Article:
dan st. romain

About Dan

Dan is a national educational consultant who provides staff development and consultative services to educators K-12.

Dan is passionate about helping individuals shift their perspective on behavior, understanding the best ways to provide support given the challenges posed in today’s society. He regularly presents on topics impacting school climate, brain-based instruction, developmentally appropriate educational practices and presentation skills.

Dan’s overwhelming strength is his skill as a presenter. Although his sessions are exceedingly interactive and engaging, his greatest asset lies in his ability to offer participants rich insight into the connectedness between educational practices and student behavior.
After receiving his master’s degree in education, Dan worked in both private residential and public school settings. His work as a self-contained behavior unit teacher, Educational Diagnostician, and Director of a Learning Resource Center afforded him experience at all levels, in both general and special education settings. Dan’s consultative experience comes from his work as an Educational Specialist for the Education Service Center in San Antonio, Texas. While there, he designed a three-year program certifying individuals to serve as behavior specialists throughout the region. He also regularly provided technical assistance in the areas of behavior, special education, dropout prevention, school climate and developmentally appropriate practices.
After working at the Education Service Center, Dan sought out a job returning to the school setting allowing him to work directly with children.  For seventeen years, Dan was a behavior consultant for the Alamo Heights Independent School District in San Antonio, Texas.  Though he provided support for all schools, his primary responsibilities were at the Howard Early Childhood Center working with the district’s youngest learners.  While there, he provided in class lessons, small group and individual support, as well as presentations to staff and parents.
Dan retired from the school system in May of 2020 after thirty years of work in education.  Though he is now slowing down, working to have a better balance between his work and home life, he still provides presentation and consultative support as an independent consultant.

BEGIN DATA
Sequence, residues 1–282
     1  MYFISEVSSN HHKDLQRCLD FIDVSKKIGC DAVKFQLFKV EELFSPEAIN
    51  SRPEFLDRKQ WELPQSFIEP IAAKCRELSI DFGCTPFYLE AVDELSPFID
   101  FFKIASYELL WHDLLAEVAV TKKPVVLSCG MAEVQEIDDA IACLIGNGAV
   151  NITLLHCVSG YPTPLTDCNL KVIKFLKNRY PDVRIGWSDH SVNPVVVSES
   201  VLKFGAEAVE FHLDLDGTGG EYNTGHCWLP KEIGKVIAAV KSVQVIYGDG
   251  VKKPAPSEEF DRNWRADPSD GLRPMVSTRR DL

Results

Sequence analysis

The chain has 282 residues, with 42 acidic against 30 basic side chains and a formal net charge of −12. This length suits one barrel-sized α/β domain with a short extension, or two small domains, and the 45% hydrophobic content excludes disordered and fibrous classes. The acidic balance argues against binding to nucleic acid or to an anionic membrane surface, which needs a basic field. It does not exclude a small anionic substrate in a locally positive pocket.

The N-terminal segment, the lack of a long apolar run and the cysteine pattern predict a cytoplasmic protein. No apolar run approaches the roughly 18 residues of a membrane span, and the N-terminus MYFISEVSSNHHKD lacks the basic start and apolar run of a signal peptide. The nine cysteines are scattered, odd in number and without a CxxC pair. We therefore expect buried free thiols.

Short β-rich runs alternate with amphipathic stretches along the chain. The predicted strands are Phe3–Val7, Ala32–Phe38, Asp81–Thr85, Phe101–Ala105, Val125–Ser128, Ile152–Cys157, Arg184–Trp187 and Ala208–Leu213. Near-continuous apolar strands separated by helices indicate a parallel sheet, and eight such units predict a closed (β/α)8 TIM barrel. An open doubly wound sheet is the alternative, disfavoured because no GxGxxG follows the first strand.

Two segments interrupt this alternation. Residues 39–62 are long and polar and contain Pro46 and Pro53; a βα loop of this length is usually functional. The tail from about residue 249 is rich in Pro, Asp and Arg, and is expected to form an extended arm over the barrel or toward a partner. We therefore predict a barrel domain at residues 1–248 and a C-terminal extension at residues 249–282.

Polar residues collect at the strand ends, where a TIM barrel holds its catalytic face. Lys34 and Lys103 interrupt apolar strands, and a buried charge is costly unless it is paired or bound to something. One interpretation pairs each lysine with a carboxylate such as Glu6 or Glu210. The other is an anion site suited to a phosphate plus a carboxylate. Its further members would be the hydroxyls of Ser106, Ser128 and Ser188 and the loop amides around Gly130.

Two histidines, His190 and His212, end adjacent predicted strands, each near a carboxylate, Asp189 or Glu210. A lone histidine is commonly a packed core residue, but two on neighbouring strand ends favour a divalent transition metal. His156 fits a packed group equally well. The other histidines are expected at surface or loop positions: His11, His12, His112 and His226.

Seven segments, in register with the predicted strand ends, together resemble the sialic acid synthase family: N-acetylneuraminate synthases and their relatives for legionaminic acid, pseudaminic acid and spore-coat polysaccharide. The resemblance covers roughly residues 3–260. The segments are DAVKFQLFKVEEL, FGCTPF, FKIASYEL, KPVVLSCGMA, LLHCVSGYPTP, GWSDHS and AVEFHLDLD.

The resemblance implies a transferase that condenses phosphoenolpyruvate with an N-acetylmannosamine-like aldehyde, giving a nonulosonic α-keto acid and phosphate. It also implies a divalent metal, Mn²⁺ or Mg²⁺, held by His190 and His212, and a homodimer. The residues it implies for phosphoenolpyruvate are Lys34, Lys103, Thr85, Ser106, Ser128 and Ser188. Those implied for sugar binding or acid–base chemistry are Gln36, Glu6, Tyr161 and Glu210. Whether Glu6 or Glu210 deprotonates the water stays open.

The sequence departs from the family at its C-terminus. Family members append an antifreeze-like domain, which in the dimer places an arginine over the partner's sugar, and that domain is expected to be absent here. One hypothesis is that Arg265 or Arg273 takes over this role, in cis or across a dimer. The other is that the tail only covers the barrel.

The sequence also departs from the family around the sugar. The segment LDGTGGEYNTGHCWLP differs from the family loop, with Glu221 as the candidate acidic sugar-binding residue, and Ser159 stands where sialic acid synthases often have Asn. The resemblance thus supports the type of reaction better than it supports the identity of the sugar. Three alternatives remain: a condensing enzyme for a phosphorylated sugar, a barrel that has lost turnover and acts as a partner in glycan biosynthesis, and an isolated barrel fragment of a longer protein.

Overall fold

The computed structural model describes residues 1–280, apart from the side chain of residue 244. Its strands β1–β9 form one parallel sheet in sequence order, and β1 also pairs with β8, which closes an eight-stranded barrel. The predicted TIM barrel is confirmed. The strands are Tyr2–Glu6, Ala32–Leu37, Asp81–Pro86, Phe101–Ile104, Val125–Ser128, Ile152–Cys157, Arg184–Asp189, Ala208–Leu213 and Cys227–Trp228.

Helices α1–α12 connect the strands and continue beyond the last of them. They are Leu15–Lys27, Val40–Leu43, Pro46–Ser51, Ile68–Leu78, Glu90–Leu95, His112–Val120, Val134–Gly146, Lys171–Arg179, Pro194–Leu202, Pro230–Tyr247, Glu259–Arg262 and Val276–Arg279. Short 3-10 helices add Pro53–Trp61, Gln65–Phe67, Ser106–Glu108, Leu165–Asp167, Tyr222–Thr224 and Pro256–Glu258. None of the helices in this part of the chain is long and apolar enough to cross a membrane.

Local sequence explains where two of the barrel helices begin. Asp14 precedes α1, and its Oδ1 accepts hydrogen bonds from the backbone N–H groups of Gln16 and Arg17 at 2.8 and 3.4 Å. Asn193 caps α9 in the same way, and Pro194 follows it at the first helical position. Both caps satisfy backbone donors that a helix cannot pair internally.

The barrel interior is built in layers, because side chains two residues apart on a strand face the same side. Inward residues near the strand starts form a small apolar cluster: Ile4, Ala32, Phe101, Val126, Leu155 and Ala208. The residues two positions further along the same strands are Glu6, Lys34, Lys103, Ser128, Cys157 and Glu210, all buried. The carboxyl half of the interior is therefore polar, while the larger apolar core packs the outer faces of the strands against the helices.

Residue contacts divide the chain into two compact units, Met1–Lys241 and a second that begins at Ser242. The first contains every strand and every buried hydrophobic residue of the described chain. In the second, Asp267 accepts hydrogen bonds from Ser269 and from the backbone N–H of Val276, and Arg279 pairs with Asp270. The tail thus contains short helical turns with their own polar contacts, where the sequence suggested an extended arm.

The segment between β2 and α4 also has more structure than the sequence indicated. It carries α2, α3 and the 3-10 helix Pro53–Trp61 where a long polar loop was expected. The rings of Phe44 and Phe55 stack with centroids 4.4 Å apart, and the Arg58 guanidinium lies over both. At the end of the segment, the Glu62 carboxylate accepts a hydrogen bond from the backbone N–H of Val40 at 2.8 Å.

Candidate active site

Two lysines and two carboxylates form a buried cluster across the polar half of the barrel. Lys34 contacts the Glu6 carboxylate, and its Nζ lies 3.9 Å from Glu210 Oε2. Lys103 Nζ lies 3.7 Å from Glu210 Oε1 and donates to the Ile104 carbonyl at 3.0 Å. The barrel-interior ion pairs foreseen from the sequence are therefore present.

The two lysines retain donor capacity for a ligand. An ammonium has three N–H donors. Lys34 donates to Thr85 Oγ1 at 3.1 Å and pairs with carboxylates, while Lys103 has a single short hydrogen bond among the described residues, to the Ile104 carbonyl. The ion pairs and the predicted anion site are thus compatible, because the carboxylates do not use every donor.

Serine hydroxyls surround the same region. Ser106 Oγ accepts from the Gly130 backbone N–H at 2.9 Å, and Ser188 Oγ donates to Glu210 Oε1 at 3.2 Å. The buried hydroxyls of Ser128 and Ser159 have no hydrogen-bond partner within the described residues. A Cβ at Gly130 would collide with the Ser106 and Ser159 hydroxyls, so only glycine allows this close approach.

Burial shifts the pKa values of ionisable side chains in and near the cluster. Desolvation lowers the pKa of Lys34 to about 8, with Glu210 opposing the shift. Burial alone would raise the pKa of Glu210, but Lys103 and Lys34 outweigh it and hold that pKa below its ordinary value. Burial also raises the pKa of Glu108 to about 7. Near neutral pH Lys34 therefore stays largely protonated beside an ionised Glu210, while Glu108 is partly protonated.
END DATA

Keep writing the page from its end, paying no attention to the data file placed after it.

Dan’s Philosophy

Times have changed a great deal in the past few decades. For the most part, these changes have had a negative impact on the behavior of youth at all levels. If we are going to effectively support the behaviors demonstrated by youth, it is critical for adults to examine behaviors in light of all of the societal changes that have taken place over the years. Understanding behavior does not mean we accept it. By shifting our perspective, we are in a better place to design effective strategies, which will lead to positive behavior change.

As humans, we are creatures of habit. Adults will naturally have a predisposition to discipline children the same way in which they were disciplined. This creates problems due to the societal changes that have impacted behavior. Most adults grew up in a compliance-based system. (Because I said so. That’s why.) Although compliance-based discipline was an effective method for changing behavior in past decades, it is not the most effective way to change behavior currently. Compliance-based discipline is an effective method for the children who rarely misbehave. However, when we examine the effectiveness of these methods with youth who demonstrate more challenging behaviors, the results are not as favorable.

It is for this reason the majority of Dan’s work focuses on helping adults understand how times have changed, how these changes have impacted the behavior of youth, and most importantly, how best to design strategies to support long-term behavioral change, vs. short-term compliance;

Thoughts from Dan